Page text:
For too long domestic violence has been seen primarily as physical abuse. Recent changes to our laws mean that emotional abuse is now a crime too. But how will proof of coercive control be presented in court? Amanda Cassidy reports.
“I didn’t know I was in an emotionally abusive relationship until I was so far in that I didn’t know how to get out. I didn’t know how to leave because I did not know who I was anymore. I only knew who he wanted me to be: submissive and subservient.” Ally compares her psychologically abusive relationship to being a prisoner with no escape. After she suffered a miscarriage, the emotional abuse deepened. She says it took her a long time to realise that the behaviour of her ex-partner was far from normal. “When myself and my ex-partner miscarried, there was a traumatic bond between us. It was in the place of where our child once was. However, the toxicity in the relationship began before the pregnancy. It began with subtle, verbally degrading comments regarding my body, using demeaning words to state that I was too sensitive, and isolation done by demanding constant communication and connection. I found it hard to understand how someone could switch from kindness to coldness, or how my expectations of a loving relationship had become so skewed.”
Coercive control is an act or a pattern of acts of assault, threats, humiliation and intimidation or other abuse that is used to harm, punish, or frighten their victim. This psychological abuse creates invisible chains and a sense of fear that pervades all elements of a victims life. It will now be included in the Irish Domestic Violence Act. The executive of Safe Ireland, Sharon O’Halloran has described the changes as ‘groundbreaking'. She told RTE that it represents a ‘coming of age’ in our understanding of domestic violence. Announcing the new offence of coercive control just after Christmas, Minister Charlie Flanagan says that protecting and supporting victims is a key priority for the government. “This step recognises that the effect of non-violent control in an intimate relationship can be as harmful to victims as physical abuse because it is an abuse of the unique trust associated with an intimate relationship”.
So what does it mean? Now victims of domestic violence including coercive control will be able to apply for an emergency barring order, lasting for eight working days, where there is an immediate risk of significant harm. The Irish Examiner reports that emergency barring orders can be granted even if the victim has no legal or beneficial interest in the property or has an interest which is less than the perpetrators. The Act will now allow victims to give evidence by video link both in civil cases and in criminal cases for breaches of orders. They can also be accompanied to court by a person of their choosing to provide support during a civil hearing.
But how do you know if you are in this type of abusive relationship? Woman’s Aid points out that you can usually find a pattern in the relationship, where one partner is controlling and there's an ongoing sense of fear.
Some of the warning signs include being isolated from your family and friends, monitoring your time, taking control over aspects of your everyday life, depriving you access to support services, humiliating and degrading you, controlling your finances and intimidating you.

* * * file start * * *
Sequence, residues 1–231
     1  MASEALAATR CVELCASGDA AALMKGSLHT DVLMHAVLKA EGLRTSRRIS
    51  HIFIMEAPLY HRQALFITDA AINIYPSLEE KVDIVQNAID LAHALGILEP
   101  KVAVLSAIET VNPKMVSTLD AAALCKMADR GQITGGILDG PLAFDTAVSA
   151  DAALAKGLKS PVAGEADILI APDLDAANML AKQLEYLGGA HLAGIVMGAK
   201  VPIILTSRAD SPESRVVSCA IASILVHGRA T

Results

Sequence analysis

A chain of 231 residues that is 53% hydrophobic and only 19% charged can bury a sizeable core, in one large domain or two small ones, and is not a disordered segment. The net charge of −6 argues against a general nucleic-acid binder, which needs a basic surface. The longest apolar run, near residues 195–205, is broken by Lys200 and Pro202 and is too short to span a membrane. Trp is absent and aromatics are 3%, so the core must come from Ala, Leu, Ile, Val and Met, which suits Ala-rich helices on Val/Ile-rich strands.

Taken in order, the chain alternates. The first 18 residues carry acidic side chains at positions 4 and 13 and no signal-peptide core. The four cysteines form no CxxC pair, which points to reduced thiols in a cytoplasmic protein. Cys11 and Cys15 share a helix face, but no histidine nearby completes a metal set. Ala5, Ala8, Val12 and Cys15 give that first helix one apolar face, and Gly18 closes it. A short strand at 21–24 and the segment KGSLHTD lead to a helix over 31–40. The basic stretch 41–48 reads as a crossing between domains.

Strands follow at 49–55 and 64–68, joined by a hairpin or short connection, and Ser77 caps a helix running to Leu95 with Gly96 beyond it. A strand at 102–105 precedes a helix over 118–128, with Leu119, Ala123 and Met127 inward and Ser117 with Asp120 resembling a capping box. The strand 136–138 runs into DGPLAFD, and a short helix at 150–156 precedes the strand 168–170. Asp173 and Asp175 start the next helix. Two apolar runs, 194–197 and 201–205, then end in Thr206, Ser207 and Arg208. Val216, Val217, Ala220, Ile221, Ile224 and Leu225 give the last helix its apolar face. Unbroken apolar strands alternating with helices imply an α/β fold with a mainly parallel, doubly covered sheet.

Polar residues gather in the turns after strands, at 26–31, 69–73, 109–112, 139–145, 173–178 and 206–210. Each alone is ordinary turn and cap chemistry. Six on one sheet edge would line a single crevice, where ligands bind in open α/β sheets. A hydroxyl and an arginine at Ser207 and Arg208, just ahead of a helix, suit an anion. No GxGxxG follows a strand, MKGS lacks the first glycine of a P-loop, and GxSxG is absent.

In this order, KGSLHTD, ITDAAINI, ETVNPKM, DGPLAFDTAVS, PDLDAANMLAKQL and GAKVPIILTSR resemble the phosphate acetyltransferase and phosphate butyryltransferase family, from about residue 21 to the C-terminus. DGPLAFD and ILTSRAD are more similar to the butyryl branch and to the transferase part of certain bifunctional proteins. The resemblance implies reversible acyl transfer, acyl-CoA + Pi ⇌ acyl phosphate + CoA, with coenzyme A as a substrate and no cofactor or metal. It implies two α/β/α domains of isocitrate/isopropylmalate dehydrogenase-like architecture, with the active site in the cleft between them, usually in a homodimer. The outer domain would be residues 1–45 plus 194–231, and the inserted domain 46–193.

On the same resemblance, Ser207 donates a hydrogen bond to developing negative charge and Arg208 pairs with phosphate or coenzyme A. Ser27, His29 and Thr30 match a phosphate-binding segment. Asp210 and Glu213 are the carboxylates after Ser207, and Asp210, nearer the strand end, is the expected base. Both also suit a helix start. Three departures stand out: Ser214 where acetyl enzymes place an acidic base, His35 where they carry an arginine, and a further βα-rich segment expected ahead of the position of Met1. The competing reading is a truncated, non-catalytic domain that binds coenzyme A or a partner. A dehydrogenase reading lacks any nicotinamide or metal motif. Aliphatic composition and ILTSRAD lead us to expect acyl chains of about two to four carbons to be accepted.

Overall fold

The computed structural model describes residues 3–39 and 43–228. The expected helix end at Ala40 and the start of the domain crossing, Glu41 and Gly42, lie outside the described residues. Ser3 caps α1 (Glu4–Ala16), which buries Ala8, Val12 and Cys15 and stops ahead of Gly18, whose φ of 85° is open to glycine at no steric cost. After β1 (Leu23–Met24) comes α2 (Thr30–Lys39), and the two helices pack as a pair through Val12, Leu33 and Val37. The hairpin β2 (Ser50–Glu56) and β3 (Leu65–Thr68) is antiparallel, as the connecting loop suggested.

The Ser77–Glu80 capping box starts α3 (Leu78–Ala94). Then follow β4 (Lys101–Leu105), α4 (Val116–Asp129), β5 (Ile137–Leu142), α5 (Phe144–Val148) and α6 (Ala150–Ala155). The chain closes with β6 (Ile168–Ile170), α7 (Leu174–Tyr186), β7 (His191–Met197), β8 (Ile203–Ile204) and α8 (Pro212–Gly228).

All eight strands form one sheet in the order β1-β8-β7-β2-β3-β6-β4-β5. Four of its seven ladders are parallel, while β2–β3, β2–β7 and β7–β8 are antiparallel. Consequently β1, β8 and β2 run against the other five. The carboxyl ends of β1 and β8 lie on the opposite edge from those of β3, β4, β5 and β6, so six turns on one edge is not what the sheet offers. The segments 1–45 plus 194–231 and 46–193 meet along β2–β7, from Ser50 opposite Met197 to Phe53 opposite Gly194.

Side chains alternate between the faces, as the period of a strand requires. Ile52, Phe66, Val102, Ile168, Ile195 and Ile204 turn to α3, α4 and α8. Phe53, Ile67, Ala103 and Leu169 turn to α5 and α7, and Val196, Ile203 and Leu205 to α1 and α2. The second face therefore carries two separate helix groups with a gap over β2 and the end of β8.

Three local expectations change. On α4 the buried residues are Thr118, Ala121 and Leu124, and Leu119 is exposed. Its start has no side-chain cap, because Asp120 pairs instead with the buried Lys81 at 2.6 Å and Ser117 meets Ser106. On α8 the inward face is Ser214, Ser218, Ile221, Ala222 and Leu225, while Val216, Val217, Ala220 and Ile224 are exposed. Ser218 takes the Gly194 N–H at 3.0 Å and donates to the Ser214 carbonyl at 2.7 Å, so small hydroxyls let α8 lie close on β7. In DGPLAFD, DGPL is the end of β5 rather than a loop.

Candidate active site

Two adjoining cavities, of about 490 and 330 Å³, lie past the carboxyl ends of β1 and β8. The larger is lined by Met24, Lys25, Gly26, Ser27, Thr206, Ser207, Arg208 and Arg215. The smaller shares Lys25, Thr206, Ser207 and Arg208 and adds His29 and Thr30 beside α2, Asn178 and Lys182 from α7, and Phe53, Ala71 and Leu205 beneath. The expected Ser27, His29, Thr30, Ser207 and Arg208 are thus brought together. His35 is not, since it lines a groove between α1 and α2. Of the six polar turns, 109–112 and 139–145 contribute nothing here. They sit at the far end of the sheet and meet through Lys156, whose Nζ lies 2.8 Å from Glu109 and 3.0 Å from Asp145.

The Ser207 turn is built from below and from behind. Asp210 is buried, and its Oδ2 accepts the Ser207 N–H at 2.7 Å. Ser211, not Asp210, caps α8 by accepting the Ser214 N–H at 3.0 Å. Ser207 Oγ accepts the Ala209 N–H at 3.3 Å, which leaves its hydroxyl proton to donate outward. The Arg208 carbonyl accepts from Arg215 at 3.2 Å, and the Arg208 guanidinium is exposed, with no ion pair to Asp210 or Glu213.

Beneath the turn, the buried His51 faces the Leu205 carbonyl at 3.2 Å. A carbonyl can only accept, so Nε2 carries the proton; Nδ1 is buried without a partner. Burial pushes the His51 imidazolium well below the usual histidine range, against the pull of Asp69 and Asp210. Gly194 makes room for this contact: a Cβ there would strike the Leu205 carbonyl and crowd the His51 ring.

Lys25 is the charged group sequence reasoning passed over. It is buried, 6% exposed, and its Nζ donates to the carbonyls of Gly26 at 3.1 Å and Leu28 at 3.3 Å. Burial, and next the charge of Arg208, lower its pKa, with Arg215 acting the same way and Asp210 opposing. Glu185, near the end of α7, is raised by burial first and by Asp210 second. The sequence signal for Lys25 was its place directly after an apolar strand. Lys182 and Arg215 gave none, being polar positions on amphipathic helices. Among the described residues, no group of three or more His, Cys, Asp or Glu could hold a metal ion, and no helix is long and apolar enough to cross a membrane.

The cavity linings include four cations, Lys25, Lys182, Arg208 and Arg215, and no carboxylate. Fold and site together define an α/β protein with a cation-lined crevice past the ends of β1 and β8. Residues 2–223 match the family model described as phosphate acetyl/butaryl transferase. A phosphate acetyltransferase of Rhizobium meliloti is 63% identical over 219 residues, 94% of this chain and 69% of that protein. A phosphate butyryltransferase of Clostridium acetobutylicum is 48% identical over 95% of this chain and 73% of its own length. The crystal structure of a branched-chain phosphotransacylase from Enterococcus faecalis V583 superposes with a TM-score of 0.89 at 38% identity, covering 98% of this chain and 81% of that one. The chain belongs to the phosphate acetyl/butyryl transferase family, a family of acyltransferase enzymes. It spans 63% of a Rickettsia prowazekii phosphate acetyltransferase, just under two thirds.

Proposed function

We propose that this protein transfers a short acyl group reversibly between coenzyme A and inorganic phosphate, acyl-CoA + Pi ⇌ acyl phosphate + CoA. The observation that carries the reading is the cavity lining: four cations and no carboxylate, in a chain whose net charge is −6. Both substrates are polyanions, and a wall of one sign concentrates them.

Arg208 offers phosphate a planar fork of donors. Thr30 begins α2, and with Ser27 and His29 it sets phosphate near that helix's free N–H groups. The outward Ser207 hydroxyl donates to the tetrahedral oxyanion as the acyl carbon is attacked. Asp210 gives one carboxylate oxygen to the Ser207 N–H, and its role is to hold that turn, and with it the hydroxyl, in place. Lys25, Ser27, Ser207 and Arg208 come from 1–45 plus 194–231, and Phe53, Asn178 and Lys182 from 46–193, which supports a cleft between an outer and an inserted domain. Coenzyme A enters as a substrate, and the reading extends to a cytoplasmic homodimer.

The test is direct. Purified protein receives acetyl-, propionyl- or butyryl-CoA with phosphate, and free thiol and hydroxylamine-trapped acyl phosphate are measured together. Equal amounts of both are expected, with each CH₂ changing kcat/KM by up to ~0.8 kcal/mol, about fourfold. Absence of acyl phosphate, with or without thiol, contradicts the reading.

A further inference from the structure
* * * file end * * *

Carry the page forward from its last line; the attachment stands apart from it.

Coercive control legislation will now provide the Gardai with an opportunity to protect victims who experience a spectrum of abusive behaviour. But in order to enforce the law as effectively as possible, we must also encourage victims to recognise coercive behaviour and to report it. Research in the UK, where emotional abuse has already been criminalised, shows that victims rarely contact law enforcement specifically to report coercive control. The crime of coercive control often became obvious after other offences like assault or criminal damage. Reporting this type of crime is made more difficult because of the vulnerable nature of victims of coercive control.
A grey area
There are also challenges when it comes to proving this kind of abuse in court. There are no broken bones or external bruising like with physical abuse. It is hard to objectively assess if coercive control has taken place or not.
The abuser will typically use signals and covert messages to exert and maintain control and often these have meaning only in the context of that particular relationship.
In other jurisdictions where emotional abuse is a crime, the advice is to keep any evidence; diaries, text messages and emails as well as testimony from friends and family. Yet, these things may not always provide sufficient evidence of the extent of the psychological harm inflicted on the victim.
For Ally, this was the hardest aspect of her situation. She initially found it hard to pinpoint exactly what it was that was damaging her the most. “He would fabricate stories to distort my reality, gaslight, and deny my genuine grief over losing our shared son. His list of comments targeted to destroy my sense of self is astonishing for me to reflect on now. I was at my lowest. It haunts me because it demonstrates how emotionally destroyed I was to not be to able to realise that I was in love with someone void of compassion or empathy, or even love.”
Criminalising coercive control will help victims achieve justice and recognise that attacking the mind is as damaging as a physical blow. The complexity of the dynamics in a relationship make this a greyer area when it comes to prosecution - but such a cultural shift around this lesser-known side of domestic abuse is a welcome step forward.
For more information, help or advice on this topic, you can contact Women's Aid Ireland